The development of large meso-scale circulations around large-enclosed (Mediterranean) or semi-enclosed (e.g., Sea of Japan) seas could underscore two other aspects mentioned in AR4 when referring to Continental edge effects and lapse rates ( Water Vapour and Lapse Rate).  This document states that “In the planetary boundary layer, humidity is controlled by strong coupling with the surface, and a broad-scale quasi-unchanged RH response is uncontroversial”.  The uncontroversial part of this statement could be just another fallacy regarding the Atmosphere-Land connection in Climate Change Models (Figure 13).  That is, for any region outside flat terrains in mid latitudes.  The statement is false because when the edges of the continents wrap around a large interior sea like the Mediterranean, or a large semi-enclosed sea like the Sea of Japan, Continental Edge effects blend together to create their own large meso-meteorological circulation and dominate the weather patterns in these regions for months.

Finally, the “Continental Edge Effect” becomes particularly important if the continental edges are backed by complex coastal terrains, that is, coasts backed by high mountains up to 80(+) km from the sea.  The reason for this, as related above, is that the combined breezes make the coastal boundary layers fold over themselves, creating a multitude of “residual boundary layers” piled-up several km high over the enclosed seas.  The EC’s MECAPIP and RECAPMA (MEso-meteorological Cycles of Air Pollution in the Iberian Peninsula – MECAPIP, 1988-1991, REgional Cycles of Air Pollution over the West-Central Mediterranean Area – RECAPMA 1990-1992) projects documented as many as 7 layers piled-up over the Mediterranean to 4500 m (Millán et al. 1992), which could explain the observed temperature lapse rates (Figures 7 and 8) and the water vapour profiles observed over some coastal areas, and over large interior seas in sub-tropical latitudes.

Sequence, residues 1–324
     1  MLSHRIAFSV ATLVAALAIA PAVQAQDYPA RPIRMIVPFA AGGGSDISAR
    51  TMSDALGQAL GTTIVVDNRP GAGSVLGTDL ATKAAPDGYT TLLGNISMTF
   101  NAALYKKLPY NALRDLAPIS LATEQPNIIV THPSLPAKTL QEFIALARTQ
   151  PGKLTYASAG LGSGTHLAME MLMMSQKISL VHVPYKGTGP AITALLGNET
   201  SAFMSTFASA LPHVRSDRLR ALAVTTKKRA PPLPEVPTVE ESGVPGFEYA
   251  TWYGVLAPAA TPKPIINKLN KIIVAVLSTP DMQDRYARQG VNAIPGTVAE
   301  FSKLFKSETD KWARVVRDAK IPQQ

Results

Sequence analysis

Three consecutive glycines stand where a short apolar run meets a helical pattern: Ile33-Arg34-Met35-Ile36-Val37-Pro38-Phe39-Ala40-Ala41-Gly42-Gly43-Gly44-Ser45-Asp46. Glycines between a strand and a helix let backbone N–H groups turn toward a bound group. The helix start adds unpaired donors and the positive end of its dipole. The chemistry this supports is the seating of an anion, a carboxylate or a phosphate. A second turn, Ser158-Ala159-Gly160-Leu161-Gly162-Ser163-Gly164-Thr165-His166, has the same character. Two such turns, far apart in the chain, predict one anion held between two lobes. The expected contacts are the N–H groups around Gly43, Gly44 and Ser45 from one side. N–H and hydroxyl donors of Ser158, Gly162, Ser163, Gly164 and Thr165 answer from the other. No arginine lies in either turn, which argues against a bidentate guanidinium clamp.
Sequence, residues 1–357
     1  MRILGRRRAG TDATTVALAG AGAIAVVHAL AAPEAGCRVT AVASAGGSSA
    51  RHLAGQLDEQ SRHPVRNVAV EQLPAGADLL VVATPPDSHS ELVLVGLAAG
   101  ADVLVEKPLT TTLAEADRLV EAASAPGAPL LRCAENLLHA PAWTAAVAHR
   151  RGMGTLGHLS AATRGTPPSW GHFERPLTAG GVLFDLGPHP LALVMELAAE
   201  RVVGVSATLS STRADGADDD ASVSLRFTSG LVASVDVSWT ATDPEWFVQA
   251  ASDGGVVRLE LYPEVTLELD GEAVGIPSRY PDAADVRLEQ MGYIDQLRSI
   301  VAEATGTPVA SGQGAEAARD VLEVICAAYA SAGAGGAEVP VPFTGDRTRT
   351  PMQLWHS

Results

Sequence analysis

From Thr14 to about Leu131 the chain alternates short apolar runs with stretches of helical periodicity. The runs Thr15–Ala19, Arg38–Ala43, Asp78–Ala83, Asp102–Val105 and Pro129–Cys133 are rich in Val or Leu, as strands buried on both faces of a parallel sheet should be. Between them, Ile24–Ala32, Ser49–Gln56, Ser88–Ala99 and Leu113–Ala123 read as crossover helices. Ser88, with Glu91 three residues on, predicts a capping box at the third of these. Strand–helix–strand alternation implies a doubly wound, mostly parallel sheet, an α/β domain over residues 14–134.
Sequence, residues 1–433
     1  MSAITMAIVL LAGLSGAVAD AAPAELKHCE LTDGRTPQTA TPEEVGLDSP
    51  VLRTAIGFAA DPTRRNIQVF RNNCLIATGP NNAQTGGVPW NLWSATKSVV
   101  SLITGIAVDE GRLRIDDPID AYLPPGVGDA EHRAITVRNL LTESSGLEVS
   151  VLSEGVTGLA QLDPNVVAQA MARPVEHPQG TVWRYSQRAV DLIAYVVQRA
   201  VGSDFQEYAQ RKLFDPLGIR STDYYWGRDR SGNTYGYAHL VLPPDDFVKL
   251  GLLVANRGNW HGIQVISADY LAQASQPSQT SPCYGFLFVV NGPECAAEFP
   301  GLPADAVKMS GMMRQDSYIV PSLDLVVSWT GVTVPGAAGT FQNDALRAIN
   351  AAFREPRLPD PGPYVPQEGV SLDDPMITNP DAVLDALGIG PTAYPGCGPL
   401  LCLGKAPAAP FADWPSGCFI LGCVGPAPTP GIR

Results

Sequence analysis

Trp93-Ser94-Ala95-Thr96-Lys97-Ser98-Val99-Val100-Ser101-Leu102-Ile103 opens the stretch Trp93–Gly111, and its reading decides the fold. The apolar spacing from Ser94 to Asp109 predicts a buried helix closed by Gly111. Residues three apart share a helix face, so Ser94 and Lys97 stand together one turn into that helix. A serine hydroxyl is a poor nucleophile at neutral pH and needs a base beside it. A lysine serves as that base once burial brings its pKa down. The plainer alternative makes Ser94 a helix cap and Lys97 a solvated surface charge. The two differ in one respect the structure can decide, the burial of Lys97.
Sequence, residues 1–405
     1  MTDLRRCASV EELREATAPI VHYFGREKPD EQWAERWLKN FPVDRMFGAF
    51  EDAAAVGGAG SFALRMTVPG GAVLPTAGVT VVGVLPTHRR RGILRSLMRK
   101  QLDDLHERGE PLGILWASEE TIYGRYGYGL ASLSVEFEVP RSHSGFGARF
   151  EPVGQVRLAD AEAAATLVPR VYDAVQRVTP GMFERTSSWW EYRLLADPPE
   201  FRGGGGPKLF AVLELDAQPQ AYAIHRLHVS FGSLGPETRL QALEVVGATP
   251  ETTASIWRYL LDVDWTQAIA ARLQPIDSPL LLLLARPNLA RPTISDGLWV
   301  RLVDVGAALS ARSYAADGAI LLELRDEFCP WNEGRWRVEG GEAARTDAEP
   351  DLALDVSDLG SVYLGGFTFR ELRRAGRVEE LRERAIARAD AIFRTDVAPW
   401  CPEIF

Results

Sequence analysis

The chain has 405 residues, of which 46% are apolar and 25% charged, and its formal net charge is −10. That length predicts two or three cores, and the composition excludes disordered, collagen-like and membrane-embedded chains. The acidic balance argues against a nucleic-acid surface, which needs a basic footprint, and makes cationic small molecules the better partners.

The observed profiles include temperature increases from 13K to 19K in the return flows (Figure 8) and a higher water content (i.e., perturbed RH) in the upper layers than in the layers directly above the sea.  This is the result of the evaporation added during their flow path over land (albeit not enough to trigger storms, as mentioned above).  The observed temperature and moisture profiles can thus be considered “anomalous” with respect to current advection-dominated model simulations, which assume that the water vapour is evaporated directly from the surface (or comes from upstream).  And because the models are unable to simulate the systematic folding of the surface boundary layer over itself for several consecutive days, they cannot simulate the resulting accumulation of atmospheric properties (i.e., temperature, pollutants and water vapour) in layers over the coastal areas and the (large interior) sea.